Whether the dance originated as a result of religious censorship or imitation for entertainment, the correlation between the Sufi healing ritual and kushtdepdi, on the basis of shared vocal elements and physical movements, is convincing. Understanding the origins of kushtdepdi is important not only because the dance is understudied, but also because it helps to unravel its transformation from a dance in the field into and ethno-identity dance. This in its turn provides a look into the present socio-political life of the Turkmen.


Annamuradov, R. Küštdepdi. Ashgabat, 2007.

DeWeese D. “Shamanization in Central Asia.” Journal of the Economic and Social History of the Orient 57, no. 3 (2014): 326–63.

Geldiyev, G. “Küštdepmeler.” In Türkmen Šahyrana Halk Döredijiligi, 257–65. Ashgabat: Türkmen Döwlet Neširÿat gullugy, 2003.

Gochmuradov, H. “Küštdepdiler.” In Türkmen Halk Döredijiligi, 59–63. Ashgabat: Türkmen Döwlet Neširÿat gullugy, 2010.

Gross, Jo-Ann. “The Polemic of ‘Official’ and ‘Unofficial’ Islam: Sufism in Soviet Central Asia.” In Islamic Mysticism Contested: Thirteen Centuries of Controversies and Polemics, edited by Frederick De Jong and Bernd Radtke, Vol. 29. Leiden: Brill, n.d.

Hobsbawm, Eric., and Terence. Ranger. The Invention of Tradition. New York: Cambridge University Press, 2012.

Oraztaganov, Allaberdi. Куштдепмелер. Edited by Gozel Amanguliyeva. Ashgabat: Turkmen State Medical University, 1998.

Otdiyev, G, and N Atdayeva. “Küštdepmeler.” In Türkmen Halk Döredijiligi (Turkmen Folk Art), 62–68. Ashgabat: Türkmen Döwlet Neširÿat gullugy, 2010.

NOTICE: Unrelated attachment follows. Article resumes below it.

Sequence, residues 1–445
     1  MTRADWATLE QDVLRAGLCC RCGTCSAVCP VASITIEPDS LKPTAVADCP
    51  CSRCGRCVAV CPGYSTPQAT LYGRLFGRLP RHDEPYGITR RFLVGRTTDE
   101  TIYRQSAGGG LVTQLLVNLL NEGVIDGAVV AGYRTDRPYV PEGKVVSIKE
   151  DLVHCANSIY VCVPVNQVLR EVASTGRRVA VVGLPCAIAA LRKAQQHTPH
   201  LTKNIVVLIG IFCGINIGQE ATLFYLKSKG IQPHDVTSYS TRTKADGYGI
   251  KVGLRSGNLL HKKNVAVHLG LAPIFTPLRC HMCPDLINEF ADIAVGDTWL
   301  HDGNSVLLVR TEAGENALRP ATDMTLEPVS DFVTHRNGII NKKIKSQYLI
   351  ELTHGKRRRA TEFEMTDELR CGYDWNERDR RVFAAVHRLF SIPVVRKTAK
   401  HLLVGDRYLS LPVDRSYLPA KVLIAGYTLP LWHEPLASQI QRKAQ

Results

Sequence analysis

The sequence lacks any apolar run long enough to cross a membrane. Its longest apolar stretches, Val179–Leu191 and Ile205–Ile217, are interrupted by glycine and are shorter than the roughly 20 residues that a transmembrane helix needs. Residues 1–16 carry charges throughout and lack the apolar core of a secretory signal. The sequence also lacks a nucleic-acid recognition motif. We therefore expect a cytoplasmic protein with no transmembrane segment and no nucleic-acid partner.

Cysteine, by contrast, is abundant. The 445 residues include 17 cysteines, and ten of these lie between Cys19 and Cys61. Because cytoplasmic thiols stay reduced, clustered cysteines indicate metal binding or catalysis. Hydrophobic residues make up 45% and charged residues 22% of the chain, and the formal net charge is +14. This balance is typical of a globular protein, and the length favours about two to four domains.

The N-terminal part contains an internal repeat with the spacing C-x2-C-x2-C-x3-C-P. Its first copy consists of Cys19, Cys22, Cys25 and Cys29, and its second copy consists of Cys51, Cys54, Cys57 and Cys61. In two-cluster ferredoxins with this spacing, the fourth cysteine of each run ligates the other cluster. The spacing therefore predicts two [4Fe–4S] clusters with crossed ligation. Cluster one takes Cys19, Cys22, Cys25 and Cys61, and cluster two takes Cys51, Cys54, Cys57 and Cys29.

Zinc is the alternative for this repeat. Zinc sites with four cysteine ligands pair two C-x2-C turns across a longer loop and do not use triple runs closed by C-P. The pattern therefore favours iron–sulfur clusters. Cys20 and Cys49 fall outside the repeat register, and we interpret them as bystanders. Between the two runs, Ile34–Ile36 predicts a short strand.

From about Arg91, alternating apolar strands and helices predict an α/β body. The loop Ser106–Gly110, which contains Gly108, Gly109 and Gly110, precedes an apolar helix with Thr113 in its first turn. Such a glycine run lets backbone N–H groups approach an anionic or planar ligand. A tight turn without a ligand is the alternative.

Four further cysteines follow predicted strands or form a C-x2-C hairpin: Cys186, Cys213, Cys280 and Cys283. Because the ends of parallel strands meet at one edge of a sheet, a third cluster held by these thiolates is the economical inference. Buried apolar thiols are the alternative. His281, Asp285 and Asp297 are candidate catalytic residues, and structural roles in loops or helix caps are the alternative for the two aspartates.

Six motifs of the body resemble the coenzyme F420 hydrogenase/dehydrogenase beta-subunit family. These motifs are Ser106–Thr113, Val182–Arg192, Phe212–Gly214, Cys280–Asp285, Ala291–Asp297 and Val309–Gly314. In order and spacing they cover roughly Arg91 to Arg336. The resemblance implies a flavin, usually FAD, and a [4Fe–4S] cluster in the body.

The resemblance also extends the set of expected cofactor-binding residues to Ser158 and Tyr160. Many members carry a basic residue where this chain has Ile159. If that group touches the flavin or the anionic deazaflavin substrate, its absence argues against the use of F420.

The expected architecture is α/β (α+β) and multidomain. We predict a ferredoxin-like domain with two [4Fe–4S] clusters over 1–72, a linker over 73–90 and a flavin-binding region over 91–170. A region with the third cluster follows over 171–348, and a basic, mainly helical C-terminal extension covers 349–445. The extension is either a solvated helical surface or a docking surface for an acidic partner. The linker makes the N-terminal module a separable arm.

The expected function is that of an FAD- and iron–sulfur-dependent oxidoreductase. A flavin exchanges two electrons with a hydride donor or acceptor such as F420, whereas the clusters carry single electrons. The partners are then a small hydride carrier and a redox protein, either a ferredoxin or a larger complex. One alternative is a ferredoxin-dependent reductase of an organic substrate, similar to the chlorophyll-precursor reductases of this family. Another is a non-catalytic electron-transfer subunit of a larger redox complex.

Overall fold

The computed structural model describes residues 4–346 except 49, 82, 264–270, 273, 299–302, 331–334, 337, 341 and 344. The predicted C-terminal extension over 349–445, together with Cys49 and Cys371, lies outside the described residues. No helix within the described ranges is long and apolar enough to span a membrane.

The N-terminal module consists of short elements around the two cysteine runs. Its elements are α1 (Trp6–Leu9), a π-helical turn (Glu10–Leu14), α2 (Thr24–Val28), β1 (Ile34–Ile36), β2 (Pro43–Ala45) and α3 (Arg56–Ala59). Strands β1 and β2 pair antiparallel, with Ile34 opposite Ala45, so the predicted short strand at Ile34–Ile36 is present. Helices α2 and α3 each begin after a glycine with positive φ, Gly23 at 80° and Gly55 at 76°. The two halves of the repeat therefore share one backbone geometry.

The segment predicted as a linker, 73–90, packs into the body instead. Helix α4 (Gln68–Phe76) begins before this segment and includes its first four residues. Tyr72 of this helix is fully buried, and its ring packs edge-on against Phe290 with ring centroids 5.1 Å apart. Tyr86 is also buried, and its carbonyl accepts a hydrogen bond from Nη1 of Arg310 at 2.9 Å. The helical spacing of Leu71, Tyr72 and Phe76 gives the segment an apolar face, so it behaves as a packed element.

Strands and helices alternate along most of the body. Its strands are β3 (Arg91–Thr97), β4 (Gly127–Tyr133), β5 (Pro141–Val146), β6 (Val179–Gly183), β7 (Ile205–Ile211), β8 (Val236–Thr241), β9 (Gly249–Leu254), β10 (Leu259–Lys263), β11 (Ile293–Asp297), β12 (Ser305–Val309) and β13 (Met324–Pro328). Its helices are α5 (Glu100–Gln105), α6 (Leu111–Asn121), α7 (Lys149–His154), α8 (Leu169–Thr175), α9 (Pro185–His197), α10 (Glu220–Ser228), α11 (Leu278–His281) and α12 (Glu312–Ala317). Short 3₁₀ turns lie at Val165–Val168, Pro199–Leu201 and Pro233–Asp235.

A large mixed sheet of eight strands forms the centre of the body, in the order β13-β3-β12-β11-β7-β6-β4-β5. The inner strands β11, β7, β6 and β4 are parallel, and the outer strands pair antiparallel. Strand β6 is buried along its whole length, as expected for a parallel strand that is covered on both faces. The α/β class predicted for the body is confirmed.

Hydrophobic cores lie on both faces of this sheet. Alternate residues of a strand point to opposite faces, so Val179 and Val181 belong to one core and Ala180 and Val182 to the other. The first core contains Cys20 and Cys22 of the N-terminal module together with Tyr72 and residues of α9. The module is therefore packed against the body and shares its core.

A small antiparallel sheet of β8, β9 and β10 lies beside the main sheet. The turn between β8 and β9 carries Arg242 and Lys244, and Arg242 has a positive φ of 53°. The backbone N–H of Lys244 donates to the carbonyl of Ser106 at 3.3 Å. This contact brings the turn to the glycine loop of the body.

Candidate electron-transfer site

Radkina, N. P. “Turkmenistan.” In The International Encyclopedia of Dance. Oxford University Press, 1998.

Shay, Anthony. Ethno Identity Dance for Sex, Fun and Profit: Staging Popular Dances around the World. Palgrave Macmillan, 2016.

Sultanova, Razia. From Shamanism to Sufism: Women, Islam and Culture in Central Asia. International Library of Central Asian Studies; 3. London; I B. Tauris, 2011.

“The World Factbook — Central Intelligence Agency,” accessed October 17, 2018,

Trimingham, J. Spencer. The Sufi Orders in Islam. 1 online resource (xx, 333 pages) vols. New York: Oxford University Press, 1998.

[1] G. Geldiyev, “Küštdepmeler,” in Türkmen Šahyrana Halk Döredijiligi (Ashgabat: Türkmen Döwlet Neširÿat gullugy, 2003), 257–65.

[2] Eric. Hobsbawm and Terence. Ranger, The Invention of Tradition., (New York: Cambridge University Press, 2012).

[3] H. Gochmuradov, “Küštdepdiler,” in Türkmen Halk Döredijiligi (Ashgabat: Türkmen Döwlet Neširÿat gullugy, 2010), 59.

[4] G. Otdiyev and N. Atdayeva, “Küštdepmeler,” in Türkmen Halk Döredijiligi (Turkmen Folk Art) (Ashgabat: Türkmen Döwlet Neširÿat gullugy, 2010), 62–68.

[5] Razia. Sultanova, From Shamanism to Sufism: Women, Islam and Culture in Central Asia, International Library of Central Asian Studies ; 3 (London ; I B. Tauris, 2011), 137.

[6] DeWeese D., “Shamanization in Central Asia,” Journal of the Economic and Social History of the Orient 57, no. 3 (2014): 326–63.

[7] N. P. Radkina, “Turkmenistan,” in The International Encyclopedia of Dance (Oxford University Press, 1998),

[8] DeWeese, “Shamanization in Central Asia,” 332.

[9] Ibid., 338.

[10] Lindsay Jones, Mircea Eliade, and Charles J. Adams, Encyclopedia of Religion, 2nd ed. (Detroit: Macmillan Reference USA, 2005).

[11] J. Spencer Trimingham, The Sufi Orders in Islam, (New York: Oxford University Press, 1998), 197.

[12] Jo-Ann Gross, “The Polemic of ‘Official’ and ‘Unofficial’ Islam: Sufism in Soviet Central Asia,” in Islamic Mysticism Contested: Thirteen Centuries of Controversies and Polemics, ed. Frederick De Jong and Bernd Radtke, vol. 29 (Leiden: Brill, n.d.), 533.

[13] R. Sultanova, From Shamanism to Sufism: Women, Islam and Culture in Central Asia, 95.

[14] Allaberdi Oraztaganov, Куштдепмелер, ed. Gozel Amanguliyeva (Ashgabat: Turkmen State Medical University, 1998).

[15] DeWeese, “Shamanization in Central Asia,” 332.

[16] Ibid., 333.

[17] Ibid., 338.

[18] Ibid., 333.

[19]  R. Annamuradov, Küštdepdi (Ashgabat, 2007).

[20] Otdiyev and Atdayeva, “Küštdepmeler.”

[21] Gross, “The Polemic of ‘Official’ and ‘Unofficial’ Islam: Sufism in Soviet Central Asia,” 525.

[22] DeWeese, “Shamanization in Central Asia,” 339.

[23] Geldiyev, “Küštdepmeler,” 257-58.